In some occasions, the limited understanding of the physical processes and/or the nature of some astronomical objects makes the theoretical models failed to reproduce with good accuracy the real observations. In this case, the comparison with benchmark objects, whose properties can be accurately determined without the use of models are largely preferred.
VOSA offers the possibility of performing both the Χ2 fitting and Bayes Analysis with standard objects. Four template collections covering M, L and T spectral types are now available: Chiu et al. (2006); Golimowski et al. (2004); Knapp et al. (2004); Kirkpatrick et al. (1991, 1999), McLean & Kirkpatrick7 and the SpeX Library. Take a look to the corresponding Credits Page for more information about these collections.
Take into account that these templates are usually the observed espectra of some well known objects and that means that the wavelength coverage of these spectra is not as wide as it is for most theoretical models. This implies that it is not possible to calculate the photometric photometry for all the filters, but only for the ones that are fully covered by the observed spectrum. In practice this means that only a few of the points in the observed SED will be used when comparing with templates. Thus, in some cases you will receive a "Not enough points to make a fit" message (even having quite many points in the SED). In any case, the number of points used for the fit will be shown in the results table and you can see which points have been actually fitted in the plots.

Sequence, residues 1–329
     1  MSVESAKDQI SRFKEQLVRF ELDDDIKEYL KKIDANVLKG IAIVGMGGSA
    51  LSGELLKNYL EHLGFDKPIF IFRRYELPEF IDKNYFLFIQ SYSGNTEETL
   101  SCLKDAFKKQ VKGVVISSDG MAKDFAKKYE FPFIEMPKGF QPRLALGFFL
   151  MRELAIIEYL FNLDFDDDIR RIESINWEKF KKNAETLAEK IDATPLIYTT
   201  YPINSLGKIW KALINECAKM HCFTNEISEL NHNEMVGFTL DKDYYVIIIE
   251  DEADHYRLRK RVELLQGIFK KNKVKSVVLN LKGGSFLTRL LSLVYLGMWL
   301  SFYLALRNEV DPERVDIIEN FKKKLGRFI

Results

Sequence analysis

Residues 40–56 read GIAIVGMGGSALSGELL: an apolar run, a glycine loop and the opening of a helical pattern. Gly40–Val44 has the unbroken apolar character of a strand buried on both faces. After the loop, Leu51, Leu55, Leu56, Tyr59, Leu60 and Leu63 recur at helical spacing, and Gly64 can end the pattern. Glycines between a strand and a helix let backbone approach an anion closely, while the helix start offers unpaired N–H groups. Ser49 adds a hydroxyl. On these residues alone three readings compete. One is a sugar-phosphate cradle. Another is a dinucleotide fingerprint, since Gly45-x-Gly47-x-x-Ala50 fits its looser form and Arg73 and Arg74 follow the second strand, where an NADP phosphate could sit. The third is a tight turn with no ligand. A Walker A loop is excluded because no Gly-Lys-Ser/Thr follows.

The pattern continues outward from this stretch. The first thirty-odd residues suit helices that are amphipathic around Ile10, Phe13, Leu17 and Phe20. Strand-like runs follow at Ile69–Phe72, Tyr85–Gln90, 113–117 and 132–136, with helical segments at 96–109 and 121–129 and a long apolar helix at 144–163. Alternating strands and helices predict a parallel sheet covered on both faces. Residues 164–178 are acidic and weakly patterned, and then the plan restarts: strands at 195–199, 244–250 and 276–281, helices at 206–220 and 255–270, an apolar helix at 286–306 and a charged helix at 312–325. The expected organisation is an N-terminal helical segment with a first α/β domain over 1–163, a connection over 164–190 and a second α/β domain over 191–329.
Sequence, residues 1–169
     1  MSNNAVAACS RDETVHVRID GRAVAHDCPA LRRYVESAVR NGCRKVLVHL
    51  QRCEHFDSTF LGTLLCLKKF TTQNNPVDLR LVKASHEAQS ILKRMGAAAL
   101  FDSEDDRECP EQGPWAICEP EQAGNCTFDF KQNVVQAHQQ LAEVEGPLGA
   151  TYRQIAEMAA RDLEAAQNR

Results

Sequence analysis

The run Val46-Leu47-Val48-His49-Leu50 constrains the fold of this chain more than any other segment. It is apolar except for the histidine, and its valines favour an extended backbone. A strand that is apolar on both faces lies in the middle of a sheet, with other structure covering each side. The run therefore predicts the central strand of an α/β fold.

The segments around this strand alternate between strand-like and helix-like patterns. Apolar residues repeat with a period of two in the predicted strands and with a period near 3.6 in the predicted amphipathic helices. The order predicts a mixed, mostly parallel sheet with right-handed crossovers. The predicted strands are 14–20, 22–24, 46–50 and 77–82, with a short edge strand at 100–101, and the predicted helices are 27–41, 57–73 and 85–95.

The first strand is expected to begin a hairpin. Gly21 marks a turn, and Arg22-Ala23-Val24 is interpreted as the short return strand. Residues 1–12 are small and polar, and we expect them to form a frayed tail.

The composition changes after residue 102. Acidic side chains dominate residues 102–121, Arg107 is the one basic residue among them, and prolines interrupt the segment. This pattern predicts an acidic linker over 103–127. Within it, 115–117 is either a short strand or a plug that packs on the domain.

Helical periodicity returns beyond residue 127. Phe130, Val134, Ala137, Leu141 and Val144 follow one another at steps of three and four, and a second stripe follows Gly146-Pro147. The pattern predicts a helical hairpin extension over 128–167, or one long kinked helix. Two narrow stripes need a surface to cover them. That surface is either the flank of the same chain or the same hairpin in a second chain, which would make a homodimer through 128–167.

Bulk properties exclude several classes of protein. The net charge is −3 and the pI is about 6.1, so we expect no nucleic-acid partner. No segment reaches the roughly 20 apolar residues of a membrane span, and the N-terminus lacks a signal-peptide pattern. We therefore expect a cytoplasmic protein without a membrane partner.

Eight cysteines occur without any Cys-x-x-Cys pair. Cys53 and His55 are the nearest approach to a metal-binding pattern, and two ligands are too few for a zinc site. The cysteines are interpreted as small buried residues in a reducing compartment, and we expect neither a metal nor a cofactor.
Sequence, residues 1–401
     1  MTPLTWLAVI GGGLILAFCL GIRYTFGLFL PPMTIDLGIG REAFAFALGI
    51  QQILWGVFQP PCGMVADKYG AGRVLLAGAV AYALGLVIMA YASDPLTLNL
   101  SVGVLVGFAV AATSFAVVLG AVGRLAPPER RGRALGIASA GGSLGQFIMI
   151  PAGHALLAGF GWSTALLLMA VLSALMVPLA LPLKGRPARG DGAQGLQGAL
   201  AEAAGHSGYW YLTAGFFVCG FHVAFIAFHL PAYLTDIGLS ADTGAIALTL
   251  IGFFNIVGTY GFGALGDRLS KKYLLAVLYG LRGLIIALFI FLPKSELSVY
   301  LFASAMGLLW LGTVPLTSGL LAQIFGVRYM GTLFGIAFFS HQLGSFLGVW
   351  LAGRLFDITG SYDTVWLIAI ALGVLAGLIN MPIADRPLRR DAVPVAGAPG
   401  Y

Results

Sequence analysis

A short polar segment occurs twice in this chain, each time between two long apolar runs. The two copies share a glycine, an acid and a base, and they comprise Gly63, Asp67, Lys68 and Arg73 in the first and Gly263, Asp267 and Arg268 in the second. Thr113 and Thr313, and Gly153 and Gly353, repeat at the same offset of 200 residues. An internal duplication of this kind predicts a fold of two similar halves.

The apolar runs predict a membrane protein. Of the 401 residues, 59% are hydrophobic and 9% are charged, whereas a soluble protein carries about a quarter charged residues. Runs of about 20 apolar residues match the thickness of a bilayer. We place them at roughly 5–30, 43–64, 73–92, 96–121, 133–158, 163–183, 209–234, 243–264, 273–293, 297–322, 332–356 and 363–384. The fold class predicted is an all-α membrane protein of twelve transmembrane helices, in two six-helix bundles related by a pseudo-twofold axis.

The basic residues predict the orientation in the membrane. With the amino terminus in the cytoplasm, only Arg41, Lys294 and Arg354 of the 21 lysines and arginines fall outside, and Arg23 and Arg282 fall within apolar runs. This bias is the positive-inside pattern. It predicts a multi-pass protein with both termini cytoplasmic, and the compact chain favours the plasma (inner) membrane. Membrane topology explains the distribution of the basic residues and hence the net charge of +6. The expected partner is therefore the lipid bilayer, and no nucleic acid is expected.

This is the main reason why, for template fitting, the AV extinction parameter is NOT considered a fit parameter. Having extra parameters would imply that less objects could be fitted. The value for AV given in the input file (or specified in the objects:extinction tab) will be used.
We enter the Chi-2 Fit tab and then select the 'Template Fit' option. In this case we select all template collections and mark the 'include spectrum in plots' option to get nicer plots (the template spectra are not as big as theoretical spectra usually are, so using this option doesn't make the fit process much slower).
The fit process is performed asynchronously so that you don't need to stay in front of the computer waiting for th results. You can close your browser and come back later. If the fit is not finished, VOSA will give you some estimation of the status of the operation and the remaining time.
When the process finishes you can see a best fit results table with the spectral type that best fits the observed SED and, optionally, the corresponding plots.
In the plots you can see that only a few points in the SED are used for the fit (only 3 points for the Chiu et al. collection).
If you click in one of the object names you can see the best 5 fits for each collection. If you click in the "See" link you can see the corresponding plot. As you see, for the Spex Prism collection, we are able to fit 4 points (instead of the 3 ones that are fitted with the Chiu et al. one).
You have the option of choosing one of these fits as the best one if you wish, just clicking in the "Best" link on its right.
We see that only a few of the points in the SED are used for the fit. And in some cases there are not enough points.
We can also make the bayes analysis using templates to get an estimation of the probability for each spectral type. Note that the probability for the AV value will always be 100% (because it's not actually fitted).